King County Metro will start rolling out a new on-demand microtransit service, Metro Flex, on March 6th. Riders will be able to request pickup and drop-off within defined service areas via a mobile app, which is similar to several other microtransit services that the agency has been piloting for several years now. Metro Flex will feature of a fleet of 31 Toyota Sienna minivans with most capable of carrying up to six passengers. Rides will cost the same as a regular bus fare.
With the introduction of Metro Flex, the existing Ride Pingo to Transit, Via to Transit, and Community Ride microtransit services are being retired, though the existing contractor Via Transportation, Inc. will be the operator of the new service. Metro Flex will cover their service areas and will offer a noticeable improvement in making trips for some riders. Metro Flex will allow trips to be made anywhere in a service area rather than requiring riders to start or end a trip at a specified community hub like Ride Pingo to Transit and Via to Transit do now.
To use the service, riders will need to download the Metro Flex app (available on iPhone and Android) and setup a profile. Riders can opt to add a credit or debit card to pay fares via the app or pay onboard via ORCA or a digital Transit GO Ticket. The latter two options allow for transfers to other transit services for free or paying the fare difference via ORCA e-purse. Cash and paper tickets will not be valid fare payment on Metro Flex.
Once a profile is setup, riders can choose the pickup and drop-off locations using the interactive map or searching addresses or a destination. Riders can also use favorite places they have saved in the app, such as home, work, and retailers. After an origin and destination are set in the app, riders can choose if any extra passengers will be joining them for a journey and then wait for a trip confirmation. Riders will be provided with a specific pickup location, which may be slightly different than the one they chose, and an estimated pickup time.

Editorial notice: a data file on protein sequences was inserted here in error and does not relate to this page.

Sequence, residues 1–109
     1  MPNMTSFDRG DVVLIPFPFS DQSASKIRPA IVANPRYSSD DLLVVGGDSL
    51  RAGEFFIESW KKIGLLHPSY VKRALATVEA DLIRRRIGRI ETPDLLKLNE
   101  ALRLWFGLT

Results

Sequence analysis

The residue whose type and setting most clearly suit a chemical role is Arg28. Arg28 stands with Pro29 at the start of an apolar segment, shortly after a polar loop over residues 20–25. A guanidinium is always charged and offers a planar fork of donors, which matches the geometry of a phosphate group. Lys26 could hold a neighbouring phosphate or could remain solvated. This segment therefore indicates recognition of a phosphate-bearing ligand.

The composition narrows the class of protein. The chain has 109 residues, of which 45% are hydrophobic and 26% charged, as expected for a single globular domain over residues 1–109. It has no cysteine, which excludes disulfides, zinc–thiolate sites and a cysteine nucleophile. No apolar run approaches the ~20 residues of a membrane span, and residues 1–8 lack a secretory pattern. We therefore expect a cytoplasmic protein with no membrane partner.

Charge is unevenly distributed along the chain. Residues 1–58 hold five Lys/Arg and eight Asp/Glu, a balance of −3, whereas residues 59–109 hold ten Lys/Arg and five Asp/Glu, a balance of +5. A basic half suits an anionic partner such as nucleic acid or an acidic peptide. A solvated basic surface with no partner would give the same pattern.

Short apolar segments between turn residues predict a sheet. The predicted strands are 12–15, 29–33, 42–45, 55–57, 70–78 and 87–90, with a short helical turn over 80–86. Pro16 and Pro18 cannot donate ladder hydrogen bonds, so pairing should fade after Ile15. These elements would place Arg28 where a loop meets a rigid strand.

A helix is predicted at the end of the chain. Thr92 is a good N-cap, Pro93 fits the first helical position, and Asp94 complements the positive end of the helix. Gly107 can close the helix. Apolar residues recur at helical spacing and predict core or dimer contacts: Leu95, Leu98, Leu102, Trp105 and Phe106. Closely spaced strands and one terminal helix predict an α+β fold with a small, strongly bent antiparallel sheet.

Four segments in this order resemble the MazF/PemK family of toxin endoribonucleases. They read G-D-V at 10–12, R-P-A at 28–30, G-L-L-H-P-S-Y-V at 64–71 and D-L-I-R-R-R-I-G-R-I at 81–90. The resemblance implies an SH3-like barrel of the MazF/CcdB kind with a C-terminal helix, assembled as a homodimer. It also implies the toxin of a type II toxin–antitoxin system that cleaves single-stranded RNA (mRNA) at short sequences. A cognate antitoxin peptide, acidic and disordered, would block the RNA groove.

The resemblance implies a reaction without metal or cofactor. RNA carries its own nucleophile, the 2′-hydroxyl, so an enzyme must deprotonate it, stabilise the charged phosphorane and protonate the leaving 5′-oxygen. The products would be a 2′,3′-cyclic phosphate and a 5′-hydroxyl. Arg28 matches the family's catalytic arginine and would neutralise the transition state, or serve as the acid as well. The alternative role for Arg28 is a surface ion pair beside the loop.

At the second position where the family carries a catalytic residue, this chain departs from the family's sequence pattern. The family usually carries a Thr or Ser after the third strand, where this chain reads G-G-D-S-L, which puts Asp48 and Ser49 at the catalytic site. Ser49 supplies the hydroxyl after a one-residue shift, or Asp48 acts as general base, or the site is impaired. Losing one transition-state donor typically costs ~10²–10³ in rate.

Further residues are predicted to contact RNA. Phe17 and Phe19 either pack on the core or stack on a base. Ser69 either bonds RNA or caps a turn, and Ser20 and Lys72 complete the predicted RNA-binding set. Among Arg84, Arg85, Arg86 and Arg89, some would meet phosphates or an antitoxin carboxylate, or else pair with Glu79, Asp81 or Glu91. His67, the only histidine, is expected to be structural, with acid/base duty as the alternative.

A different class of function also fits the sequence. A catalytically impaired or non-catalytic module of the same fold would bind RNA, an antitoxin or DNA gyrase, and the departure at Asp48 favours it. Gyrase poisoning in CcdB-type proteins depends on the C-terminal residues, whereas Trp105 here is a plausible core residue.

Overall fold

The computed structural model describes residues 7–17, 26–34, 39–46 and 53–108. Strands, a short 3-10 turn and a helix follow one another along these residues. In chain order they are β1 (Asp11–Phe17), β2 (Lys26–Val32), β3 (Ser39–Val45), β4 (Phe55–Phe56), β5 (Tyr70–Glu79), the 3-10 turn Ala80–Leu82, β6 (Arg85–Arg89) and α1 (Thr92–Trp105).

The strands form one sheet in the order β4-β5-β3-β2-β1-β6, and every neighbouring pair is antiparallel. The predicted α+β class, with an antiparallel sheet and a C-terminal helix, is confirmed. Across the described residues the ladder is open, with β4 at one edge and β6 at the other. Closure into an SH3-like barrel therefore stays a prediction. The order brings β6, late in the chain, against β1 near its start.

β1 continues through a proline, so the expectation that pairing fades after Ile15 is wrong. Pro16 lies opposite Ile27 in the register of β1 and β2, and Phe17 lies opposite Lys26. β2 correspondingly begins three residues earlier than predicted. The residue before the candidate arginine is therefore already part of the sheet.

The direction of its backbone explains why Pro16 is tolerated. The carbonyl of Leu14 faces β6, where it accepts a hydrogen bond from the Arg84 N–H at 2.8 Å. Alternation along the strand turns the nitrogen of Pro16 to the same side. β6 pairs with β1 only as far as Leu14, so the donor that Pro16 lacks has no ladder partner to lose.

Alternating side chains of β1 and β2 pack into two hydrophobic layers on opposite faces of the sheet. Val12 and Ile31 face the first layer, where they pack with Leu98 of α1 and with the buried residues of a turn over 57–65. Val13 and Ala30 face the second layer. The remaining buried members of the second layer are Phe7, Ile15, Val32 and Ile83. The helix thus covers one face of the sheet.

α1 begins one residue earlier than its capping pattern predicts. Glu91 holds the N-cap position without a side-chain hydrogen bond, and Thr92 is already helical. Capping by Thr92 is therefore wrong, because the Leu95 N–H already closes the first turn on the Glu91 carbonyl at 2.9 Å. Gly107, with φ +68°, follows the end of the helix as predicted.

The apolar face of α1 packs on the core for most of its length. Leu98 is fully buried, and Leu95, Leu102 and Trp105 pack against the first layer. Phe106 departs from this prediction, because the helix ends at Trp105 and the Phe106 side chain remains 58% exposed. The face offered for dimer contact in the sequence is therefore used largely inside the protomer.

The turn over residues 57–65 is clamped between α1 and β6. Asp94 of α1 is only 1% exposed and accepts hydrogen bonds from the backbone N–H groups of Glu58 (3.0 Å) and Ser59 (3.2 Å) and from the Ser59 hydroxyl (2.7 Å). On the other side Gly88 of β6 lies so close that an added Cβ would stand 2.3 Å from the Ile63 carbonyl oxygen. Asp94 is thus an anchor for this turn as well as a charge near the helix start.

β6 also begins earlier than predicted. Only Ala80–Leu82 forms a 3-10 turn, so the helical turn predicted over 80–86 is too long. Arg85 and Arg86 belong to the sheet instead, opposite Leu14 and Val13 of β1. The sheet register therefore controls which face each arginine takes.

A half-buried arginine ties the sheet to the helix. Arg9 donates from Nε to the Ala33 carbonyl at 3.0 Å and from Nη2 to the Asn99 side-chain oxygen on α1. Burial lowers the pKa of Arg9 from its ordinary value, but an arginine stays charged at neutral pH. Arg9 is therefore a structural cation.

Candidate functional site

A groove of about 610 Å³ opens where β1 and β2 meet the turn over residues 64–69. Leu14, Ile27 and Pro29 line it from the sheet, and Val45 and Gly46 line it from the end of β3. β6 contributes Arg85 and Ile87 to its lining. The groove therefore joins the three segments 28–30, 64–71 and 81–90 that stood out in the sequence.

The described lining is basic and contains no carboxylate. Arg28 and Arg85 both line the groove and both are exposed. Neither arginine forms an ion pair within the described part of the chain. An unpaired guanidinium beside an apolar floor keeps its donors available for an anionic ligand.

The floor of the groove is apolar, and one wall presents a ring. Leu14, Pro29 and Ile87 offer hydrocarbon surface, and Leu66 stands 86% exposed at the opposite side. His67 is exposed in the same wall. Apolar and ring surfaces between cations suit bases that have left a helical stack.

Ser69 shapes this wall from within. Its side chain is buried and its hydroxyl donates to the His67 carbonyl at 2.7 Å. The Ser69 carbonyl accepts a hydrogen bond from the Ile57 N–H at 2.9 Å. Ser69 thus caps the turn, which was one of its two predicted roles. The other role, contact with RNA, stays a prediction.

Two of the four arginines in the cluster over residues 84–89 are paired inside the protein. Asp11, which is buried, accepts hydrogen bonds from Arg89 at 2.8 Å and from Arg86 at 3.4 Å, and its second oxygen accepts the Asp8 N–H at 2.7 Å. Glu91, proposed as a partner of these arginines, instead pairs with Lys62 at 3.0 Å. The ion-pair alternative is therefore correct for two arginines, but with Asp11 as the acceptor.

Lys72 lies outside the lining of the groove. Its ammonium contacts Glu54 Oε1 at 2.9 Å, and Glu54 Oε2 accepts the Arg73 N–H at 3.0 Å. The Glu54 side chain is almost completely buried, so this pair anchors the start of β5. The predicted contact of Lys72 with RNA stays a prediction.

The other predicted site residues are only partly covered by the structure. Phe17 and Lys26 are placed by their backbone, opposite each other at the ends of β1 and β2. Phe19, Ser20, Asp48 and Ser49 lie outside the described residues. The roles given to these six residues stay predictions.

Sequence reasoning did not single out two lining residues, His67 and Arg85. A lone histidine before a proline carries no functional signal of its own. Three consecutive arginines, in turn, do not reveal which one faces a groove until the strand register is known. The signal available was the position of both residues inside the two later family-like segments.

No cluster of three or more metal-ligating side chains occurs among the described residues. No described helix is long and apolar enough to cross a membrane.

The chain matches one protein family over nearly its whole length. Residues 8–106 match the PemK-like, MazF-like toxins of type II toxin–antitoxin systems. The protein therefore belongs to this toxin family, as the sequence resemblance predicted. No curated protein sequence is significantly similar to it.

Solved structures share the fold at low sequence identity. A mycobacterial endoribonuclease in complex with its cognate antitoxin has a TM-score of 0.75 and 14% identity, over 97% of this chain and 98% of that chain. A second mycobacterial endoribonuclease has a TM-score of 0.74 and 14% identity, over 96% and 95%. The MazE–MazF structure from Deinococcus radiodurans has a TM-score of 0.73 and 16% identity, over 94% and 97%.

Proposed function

Riders needing wheelchair or additional accessibility should flag that in the app’s special settings tab so that a wheelchair accessible vehicle is dispatched. The special settings tab also allows riders to flag other special needs or circumstances unique to them, such as being a youth, holding an ORCA LIFT card, or having an impairment requiring use of a service animal. Metro reports that 10 of the 31 minivans will be wheelchair accessible and that wait times for these specially-equipped ones are carefully monitored to ensure similar response times. Eight vehicles will also offer bike racks and luggage can be stored in trunks.
Riders should note that they may share trips with other riders who are picked up along the way. And in some cases, the app may direct riders to a bus or train if the trip would be best served by one of those options.
Seven service areas will be covered by Metro Flex, but the hours and days of operation do differ as follows:
- The Othello, Rainier Beach/Skyway, Tukwila, and Renton services will operate on weekdays from 5am to 1am and weekends from 6am to 12am;
- The Kent service will operate on weekdays from 5am to 7pm and weekends from 7am to 7pm;
- The Sammamish service will operate on weekdays from 7am to 6pm and weekends from 9am to 12pm; and
- The Juanita-Kenmore-Bothell service will operate on weekdays from 7am to 7pm.
The consolidated microtransit service does simplify Metro’s offerings and makes them consistent, which should encourage more people to use them across different geographies. Riders are also sure to appreciate being able to use Metro Flex for more trips, but the fact that not all vehicles will be wheelchair accessible is problematic and whether or not riders will like the smaller vehicles is an open question.
Stephen is a professional urban planner in Puget Sound with a passion for sustainable, livable, and diverse cities. He is especially interested in how policies, regulations, and programs can promote positive outcomes for communities. With stints in great cities like Bellingham and Cork, Stephen currently lives in Seattle. He primarily covers land use and transportation issues and has been with The Urbanist since 2014.